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Lew Bundles

Is This Dissimilar from Wally’s GATW Claim?

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I wonder if this court case from a few years ago, is basically, similar to Wally’s claim for songwriting royalties on GATW...I know this is a British court decision, but is Fisher’s claim have the same validity as Wally’s assertation?

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Procol Harum organist Matthew Fisher wins share of A Whiter Shade of Pale royalties 

Organist Matthew Fisher has won a share of the royalties of the Procol Harum song A Whiter Shade of Pale, 42 years after the record became one of the biggest hits in pop history. 

Lawyers said the ruling from the House of Lords could cause a copyright headache for major artists—with musicians who performed on successful recordings lining up to bring claims for their contributions. 

Mr Fisher, 61, from Croydon, south London, who now works as a computer programmer, launched his claim against the lead singer of Procol Harum, Gary Brooker, in 2005. 

The group's record was released in 1967 and became the anthem of the Summer of Love. It was recently named as the most played tune in public places. 

But from 2005 it was the subject of a bitter legal battle between Mr Brooker, who owned the copyright to the music, and Mr Fisher, who wrote the haunting organ introduction and counter melody. 

Mr Fisher successfully claimed a share of the royalties from the tune after winning his claim in the High Court in 2006. He was awarded 40 per cent of the music royalties. 

But two years later Mr Brooker was successful at the Court of Appeal where judges said Mr Fisher, although a co-author, had no right to royalties because of the time that had elapsed before he made his claim. 

The Law Lords however reinstated the High Court decision, ruling that the delay in bringing the claim had not caused any harm to Mr Brooker, who had benefited financially from the delay.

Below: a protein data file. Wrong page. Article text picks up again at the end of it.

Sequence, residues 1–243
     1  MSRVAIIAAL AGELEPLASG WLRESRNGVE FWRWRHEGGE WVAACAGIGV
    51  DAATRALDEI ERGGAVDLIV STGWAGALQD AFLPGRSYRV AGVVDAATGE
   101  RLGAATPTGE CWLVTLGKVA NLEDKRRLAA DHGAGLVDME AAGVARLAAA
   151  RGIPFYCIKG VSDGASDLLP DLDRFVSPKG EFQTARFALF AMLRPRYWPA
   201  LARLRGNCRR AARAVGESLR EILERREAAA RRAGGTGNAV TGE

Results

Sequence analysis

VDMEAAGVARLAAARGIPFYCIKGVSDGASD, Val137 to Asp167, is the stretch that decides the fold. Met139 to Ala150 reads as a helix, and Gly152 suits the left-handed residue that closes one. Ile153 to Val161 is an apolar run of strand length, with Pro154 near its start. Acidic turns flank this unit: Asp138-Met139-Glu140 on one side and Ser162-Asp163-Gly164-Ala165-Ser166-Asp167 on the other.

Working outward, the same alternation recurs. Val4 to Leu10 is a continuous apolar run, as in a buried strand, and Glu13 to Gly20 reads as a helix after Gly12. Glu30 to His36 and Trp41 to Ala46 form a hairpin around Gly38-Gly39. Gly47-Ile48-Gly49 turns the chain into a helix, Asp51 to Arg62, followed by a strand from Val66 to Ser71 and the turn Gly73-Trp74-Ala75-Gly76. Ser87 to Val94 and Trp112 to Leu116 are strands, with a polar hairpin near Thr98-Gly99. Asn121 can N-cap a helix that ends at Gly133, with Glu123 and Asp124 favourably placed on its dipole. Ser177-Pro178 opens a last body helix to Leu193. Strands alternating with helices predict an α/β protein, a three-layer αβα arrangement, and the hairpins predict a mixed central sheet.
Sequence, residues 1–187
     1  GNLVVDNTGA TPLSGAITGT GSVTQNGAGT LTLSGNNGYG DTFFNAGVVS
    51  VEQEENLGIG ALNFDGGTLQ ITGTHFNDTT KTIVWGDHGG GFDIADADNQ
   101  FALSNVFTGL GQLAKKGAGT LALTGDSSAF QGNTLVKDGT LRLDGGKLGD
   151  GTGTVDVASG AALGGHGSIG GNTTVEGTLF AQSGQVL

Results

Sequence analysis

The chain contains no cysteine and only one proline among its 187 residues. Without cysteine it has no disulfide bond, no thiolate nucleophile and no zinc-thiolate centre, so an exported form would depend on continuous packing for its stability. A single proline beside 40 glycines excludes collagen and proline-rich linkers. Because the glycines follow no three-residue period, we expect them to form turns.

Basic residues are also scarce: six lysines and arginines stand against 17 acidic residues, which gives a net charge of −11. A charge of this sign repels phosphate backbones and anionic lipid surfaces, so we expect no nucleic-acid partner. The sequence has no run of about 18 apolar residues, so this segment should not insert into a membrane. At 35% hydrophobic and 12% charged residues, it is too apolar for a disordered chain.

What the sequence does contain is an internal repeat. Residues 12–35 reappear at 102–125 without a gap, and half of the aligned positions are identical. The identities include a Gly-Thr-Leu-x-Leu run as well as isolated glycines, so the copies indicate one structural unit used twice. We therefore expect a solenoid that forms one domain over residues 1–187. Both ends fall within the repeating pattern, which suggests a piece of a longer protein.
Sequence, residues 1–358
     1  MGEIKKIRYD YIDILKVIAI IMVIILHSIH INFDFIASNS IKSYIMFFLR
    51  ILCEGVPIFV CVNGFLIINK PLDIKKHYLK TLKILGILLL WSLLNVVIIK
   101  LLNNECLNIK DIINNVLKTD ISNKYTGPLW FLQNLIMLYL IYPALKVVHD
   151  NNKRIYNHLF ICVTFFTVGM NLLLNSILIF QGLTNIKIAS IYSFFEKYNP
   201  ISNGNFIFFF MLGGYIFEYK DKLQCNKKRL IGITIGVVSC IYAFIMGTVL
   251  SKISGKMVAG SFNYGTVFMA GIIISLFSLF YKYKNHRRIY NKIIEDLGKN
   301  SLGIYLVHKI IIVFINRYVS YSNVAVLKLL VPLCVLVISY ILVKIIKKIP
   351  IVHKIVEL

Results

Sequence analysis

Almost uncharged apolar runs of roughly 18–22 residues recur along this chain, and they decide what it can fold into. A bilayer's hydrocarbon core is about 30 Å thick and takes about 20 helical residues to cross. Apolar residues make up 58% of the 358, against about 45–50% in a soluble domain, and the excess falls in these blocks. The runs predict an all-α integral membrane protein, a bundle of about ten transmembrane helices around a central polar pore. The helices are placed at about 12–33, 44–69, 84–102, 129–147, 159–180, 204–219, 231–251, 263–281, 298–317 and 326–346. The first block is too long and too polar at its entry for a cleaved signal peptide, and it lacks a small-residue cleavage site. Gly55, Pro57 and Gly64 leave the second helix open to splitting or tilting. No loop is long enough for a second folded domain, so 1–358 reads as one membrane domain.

However, Mr Fisher can only claim future royalties from the record. 

Iain Purvis QC, who represented him, told the panel of five Law Lords at the two-day hearing in April that his client had established co-authorship but had not benefited because the Court of Appeal had ruled that he had waited too long to make his claim. 

"We say for all practical purposes the appeal court confiscated his share of the copyright and awarded it to the defendants."

Mr Fisher had brought the proceedings, said Mr Purvis, firstly to be recognised as the joint author and owner of one of the "most famous and popular works of the 20th century, and that he has achieved". 

"But secondly, to receive the income to which he says he is entitled as the co-owner of the musical copyright," he went on. 

The Law Lords said the music for the song in its original form was composed in 1967 by Mr Brooker around lyrics written by Keith Reid, the band's manager. 

When Mr Fisher joined the band later, he composed the organ parts and the song was released, selling six million copies.

Solicitor Lawrence Abramson, who represented Mr Brooker, said copyright in the record will last 70 years from the death of the writers but was likely to be swallowed up paying the legal costs of the case. 

He said there would be a future hearing to decide on costs.

"The ruling will encourage a lot of other claims but it will not mean that they will all succeed. They will have to be determined on the facts but everyone in the same position as Mr Fisher will have a go." 

Baroness Hale, 62, one of the five Law Lords hearing the case at the highest court in the land, said in her contribution to the rulings: "As one of those people who do remember the Sixties, I am glad that the author of that memorable organ part has at last achieved the recognition he deserves." 

The organist, who ran his case on a no-win, no-fee arrangement, watched the judgment being delivered from the Strangers Gallery overlooking the Chamber at the House of Lords. 

He said he was "delighted" with the result and he had now won the recognition he believed he deserved for his part in the record. 

"This was never about money. There will not be a lot of that anyway. 

"But this was about making sure everyone knew about my part in the authorship.

"A win without money was never going to be recognised as a win at all."

—The Telegraph, Jul 30, 2009

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Kirk